Watching last season’s RaboDirect PRO12 semi-finals through gritted teeth left a sour taste for Scarlets head coach Simon Easterby, but he is hell-bent on stamping another indelible mark on the club under his new guise.
Restructuring the Scarlets following summer departures of Nigel Davies and the club's all-time leading points scorer Stephen Jones may offer a challenge too exacting for some debutant head coaches, but Easterby is not predicting a winter of discontent.
His first season with the club as a player was also the last time Scarlets added some silverware to the trophy cabinet – albeit at Llanelli's Stradey Park – by winning the Celtic League in 2004.
Eight years have slowly passed and only a Heineken Cup semi-final defeat to Leicester in 2007 and a change of scene in the club's move to the Parc y Scarlets 12 months later are the features of a rather sombre highlight reel.
There has been an unsettling feeling of déjà vu around the Llanelli-based club, who have finished fifth three times in the last five seasons, missing out on a semi-berth last season by just three points.
Yet Easterby, who had been part of Davies's backroom team as defence coach following his retirement in 2010, is now in a position to revive a decaying empire, and is demanding more consistency over the 22-game league campaign in an effort to avoid a repeat of last season’s heartbreak.
“We watched the semi-finals in particular this year through gritted teeth,” admitted the 37-year-old.
“We were desperately disappointed we didn’t make that but looking back on the season we probably didn’t deserve to.
“I think there are always games where you can say we could have done this or that, but ultimately we didn’t quite have that consistency throughout the whole season and that is the challenge.
“We’ve had some top-five finishes and had some good wins and runs along that period, and certainly our challenge is to try and build on the performances from last year and create a bit of consistency.
“It is played over long periods, there are breaks in it as well when you’ve got to pick it back up again and I think that is the challenge for this league.”
Easterby, Ireland's most capped flanker with 65 caps, captained the Scarlets for five consecutive seasons before a knee injury brought an end to his involvement on the pitch.
Davies was appointed new director of rugby at Gloucester following the resignation of former Scotland scrum-half Bryan Redpath.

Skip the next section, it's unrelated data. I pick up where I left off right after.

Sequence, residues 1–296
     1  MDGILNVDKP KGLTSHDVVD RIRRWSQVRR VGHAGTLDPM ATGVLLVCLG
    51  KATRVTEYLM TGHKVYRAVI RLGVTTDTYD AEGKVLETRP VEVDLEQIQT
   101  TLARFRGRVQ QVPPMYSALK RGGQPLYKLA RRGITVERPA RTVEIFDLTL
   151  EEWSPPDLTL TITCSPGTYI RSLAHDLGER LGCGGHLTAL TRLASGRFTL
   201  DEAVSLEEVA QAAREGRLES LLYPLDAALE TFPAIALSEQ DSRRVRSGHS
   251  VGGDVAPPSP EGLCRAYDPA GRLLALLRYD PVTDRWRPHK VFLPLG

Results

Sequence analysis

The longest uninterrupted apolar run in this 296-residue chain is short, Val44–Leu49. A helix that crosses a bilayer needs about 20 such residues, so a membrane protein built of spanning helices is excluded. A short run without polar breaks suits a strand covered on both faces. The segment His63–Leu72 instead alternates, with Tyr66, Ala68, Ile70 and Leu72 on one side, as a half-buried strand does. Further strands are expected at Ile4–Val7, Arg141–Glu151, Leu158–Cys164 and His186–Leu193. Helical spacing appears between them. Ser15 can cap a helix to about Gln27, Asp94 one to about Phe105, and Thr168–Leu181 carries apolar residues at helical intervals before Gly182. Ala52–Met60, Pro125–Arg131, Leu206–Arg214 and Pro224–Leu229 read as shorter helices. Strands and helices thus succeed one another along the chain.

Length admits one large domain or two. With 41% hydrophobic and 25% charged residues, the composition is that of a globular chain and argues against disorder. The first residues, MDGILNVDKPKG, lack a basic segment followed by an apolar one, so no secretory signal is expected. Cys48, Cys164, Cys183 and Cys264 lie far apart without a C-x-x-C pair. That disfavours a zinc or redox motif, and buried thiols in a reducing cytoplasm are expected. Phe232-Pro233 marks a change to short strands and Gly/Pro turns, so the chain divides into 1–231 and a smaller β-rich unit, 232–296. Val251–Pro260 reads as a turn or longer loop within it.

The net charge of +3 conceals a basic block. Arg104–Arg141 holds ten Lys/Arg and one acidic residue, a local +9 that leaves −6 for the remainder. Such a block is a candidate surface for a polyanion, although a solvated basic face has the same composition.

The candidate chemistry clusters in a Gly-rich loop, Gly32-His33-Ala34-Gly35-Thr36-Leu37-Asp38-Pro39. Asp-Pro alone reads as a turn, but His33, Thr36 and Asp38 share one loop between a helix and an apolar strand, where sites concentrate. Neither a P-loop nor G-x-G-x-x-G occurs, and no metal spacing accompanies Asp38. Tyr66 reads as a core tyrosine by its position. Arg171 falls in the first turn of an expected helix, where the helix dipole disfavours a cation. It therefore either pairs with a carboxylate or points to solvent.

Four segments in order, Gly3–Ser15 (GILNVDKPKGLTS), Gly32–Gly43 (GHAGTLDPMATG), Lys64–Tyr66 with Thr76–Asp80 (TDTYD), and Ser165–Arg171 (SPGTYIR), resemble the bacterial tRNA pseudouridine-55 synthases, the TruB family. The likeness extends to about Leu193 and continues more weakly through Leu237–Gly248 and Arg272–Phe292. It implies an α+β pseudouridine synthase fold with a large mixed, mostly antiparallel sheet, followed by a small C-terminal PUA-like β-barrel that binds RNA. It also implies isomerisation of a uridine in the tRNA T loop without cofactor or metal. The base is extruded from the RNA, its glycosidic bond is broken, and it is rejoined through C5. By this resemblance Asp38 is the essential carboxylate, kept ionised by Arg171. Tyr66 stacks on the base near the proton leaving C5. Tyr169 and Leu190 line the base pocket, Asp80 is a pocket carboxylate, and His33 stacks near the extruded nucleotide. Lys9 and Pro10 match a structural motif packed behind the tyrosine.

Scarlets opted to promote from within as the reins were thrown into the hands of Easterby, who believes that despite – or more pertinently because of – of his lack of experience, he will have one distinct advantage over his more senior counterparts.
“It is early in my career, but there are reasonably young coaches coming through,” he said.
“I think it helps in one sense because you don’t have the experience of coaching for a long time, but you are recently out of the game as a player and you maybe have a bit more of a hold and understanding of what the players are doing at the moment.
“The game changes so quickly that players’ requirements, demands and needs change all the time.
“Having recently finished I think that may assist young coaches like myself to push on and drive some of the players who we are a bit closer to in age.
“It’s definitely a focus for us this year to be in that top four and hopefully get a home semi-final, but I wouldn’t say there was one team who are favourites for the title.
“This competition gets stronger and stronger and I don’t think you can discount anyone at the moment, because everyone seems to be strengthening their squads.
“I’d say this year maybe eight sides will be near that top four and I think that is great for the competition.”
Off the pitch Easterby has also focused his attentions. Danny Wilson has been hooked in from the Dragons as forwards coach while Mark Jones marshals the backs.
South African George Earle and Argentinian international Tomás Vallejo are two locks that have been signed as Easterby aims to complete this particular jigsaw puzzle.
“It’s been a busy place this summer, trying to organise things off the pitch – personnel, backroom as well as playing recruitment and we didn’t want to change too much,” he said.
“But obviously I wanted to stamp my mark on the team.
“We’ve had the opportunity, myself and Mark, to do a lot of coaching over the last couple of years and that puts us in a good position now to take on from Nigel.
“It wasn’t hard to say yes to this opportunity. An opportunity like this doesn’t come around very often, and when I was offered it, I didn’t need any second invitation.”